Adolf Wolff: To Esther

TO ESTHER
My little daughter, my masterpiece,
Child in body, mind and spirit, beautiful,
Child so much a child.
When you have blossomed into womanhood,
May you be a Judith decapitating a Holofernes,
A Joan of Arc leading a people to victory,
A Louise Michel fighting on the barricades,
A Voltairine de Cleyre singing the songs of revolt,
An Emma Goldman preaching the gospel of rebellion.
I dedicate you,
Fruit of my blood, child of my soul,
I dedicate you to the cause of emancipation,
I dedicate you to the cause of truth and justice,
I dedicate you to the Social Revolution.
May your life and your death be the scourge of tyrants
And the inspiration of those who fight for human
freedom.

This poem was taken from Adolf Wolff’s collection, Songs of Rebellion, Songs of Life, Songs of Love (1914). A self-described “poet, sculptor and revolutionist, but mostly revolutionist,” Adolf Wolff came to the United States as a child from Belgium. History, however, hasn’t been especially kind to either his art or his politics and he’s been reduced to near-total obscurity today.

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Coal  Miner on Strike, 1931; The Lynch Law, 1931; Negro, n.d. Hermitage Museum

There’s very little one can find about Wolff in the scholarly record at all. In fact, I only encountered his poem a few months ago while reading Paul Avrich’s biography of Voltairine de Cleyre. As Avrich and Francis Naumann write in a piece specifically about Wolff:

[T]he artistic accomplishments of Adolf Wolff have been almost totally forgotten. His name has fallen into obscurity, and goes unrecorded in even the most thorough histories and lexicons of American sculpture.

In any case, Wolff seems to have been very active in the radical politics that thrived in New York at the turn of the century. Nearly all the figures in that world were recent immigrants from Europe (Wolff included) disillusioned with the dire conditions of urban industrial capitalism and animated by left-wing politics in the heady days just before the Russian Revolution. To be an anarchist, Wolff said, was:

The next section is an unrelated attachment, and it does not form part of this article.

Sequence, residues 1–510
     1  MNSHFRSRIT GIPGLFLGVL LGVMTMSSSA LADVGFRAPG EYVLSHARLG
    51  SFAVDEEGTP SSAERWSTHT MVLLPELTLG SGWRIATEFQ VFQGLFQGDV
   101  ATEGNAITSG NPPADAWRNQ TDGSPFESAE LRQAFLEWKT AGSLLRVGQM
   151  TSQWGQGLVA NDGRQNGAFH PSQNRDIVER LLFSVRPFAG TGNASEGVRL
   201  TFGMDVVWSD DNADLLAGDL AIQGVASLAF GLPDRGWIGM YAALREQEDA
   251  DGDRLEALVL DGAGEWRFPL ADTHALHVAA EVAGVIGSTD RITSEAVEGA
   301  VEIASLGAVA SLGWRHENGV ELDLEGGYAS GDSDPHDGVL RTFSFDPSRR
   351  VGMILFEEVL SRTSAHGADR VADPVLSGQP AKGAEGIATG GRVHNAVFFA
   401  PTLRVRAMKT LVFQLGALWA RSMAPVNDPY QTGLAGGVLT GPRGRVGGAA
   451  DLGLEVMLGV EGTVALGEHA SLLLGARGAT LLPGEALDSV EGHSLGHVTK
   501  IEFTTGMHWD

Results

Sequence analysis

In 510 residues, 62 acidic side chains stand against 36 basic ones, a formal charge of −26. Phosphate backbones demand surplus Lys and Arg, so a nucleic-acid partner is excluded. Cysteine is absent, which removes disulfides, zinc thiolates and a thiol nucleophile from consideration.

to be a human being without prejudice, without superstition, without fear, even in the face of death, and to love truth and justice, and to speak it out irrespective of consequences, to have law and order within, not without, to require no government except that of one’s conscience, and to be so strongly individual as to embrace with one’s own mind the well-being of the entire human collectivity.

This element of Wolff’s life is usually purged from any dicussion of his artwork—itself a rare occurence. When one of his sculptures appeared on the Antique Roadshow back in 2010, for example, an appraiser euphemistically described Wolff’s politics:

[H]e was also very involved in politics. A lot of artists were. … [H]e was, you know, embroiled with some very interesting characters and very interesting times.

Very interesting characters and times indeed! Though he knew them personally, Wolff would have been just young enough to regard the anarchist iconoclasts Emma Goldman and Voltairine de Cleyre probably more with reverence and awe than any kinship grounded in equality. After all, “Red Emma” was one of the most notorious radicals in the country for at least the two decades prior to her expulsion in the Red Scare of 1919. She was a larger-than-life figure and de Cleyre had already died at a relatively young age (in 1912) by the time Wolff’s poem was published.

Wolff taught art to children at the Modern School—an institution established by followers of the radical educator Francisco Ferrer (who was himself executed by the Spanish state in 1909)—and was arrested several times for his participation in left-wing demonstrations. His own daughter (for whom the poem was written) reportedly appealed to him at one such demonstration: “Please, papa, mamma wants you to smile and not be so angry.”

Wolff’s poem nicely captures his admiration of radical women. It attempts to draw a clear political lineage from the deuterocanonical Book of Judith—whose eponymous heroine assassinates a tyrannical general—and Joan of Arc to modern political radicals like Louise Michel—a prominent figure in the Paris Commune—as well as the two aforementioned American anarchists.

It’s obviously not a great poem, but I think it has a certain charm. It distills the hopes and dreams that attend the arrival of any newborn child and fuses them with high-minded political goals. Considering Wolff’s later tranformation, during WWI, from radical to “upright American citizen,” it also bears an ironic nostalgia for idealism abandoned. 

Sources:

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The Morning Telegraph, January 31, 1915

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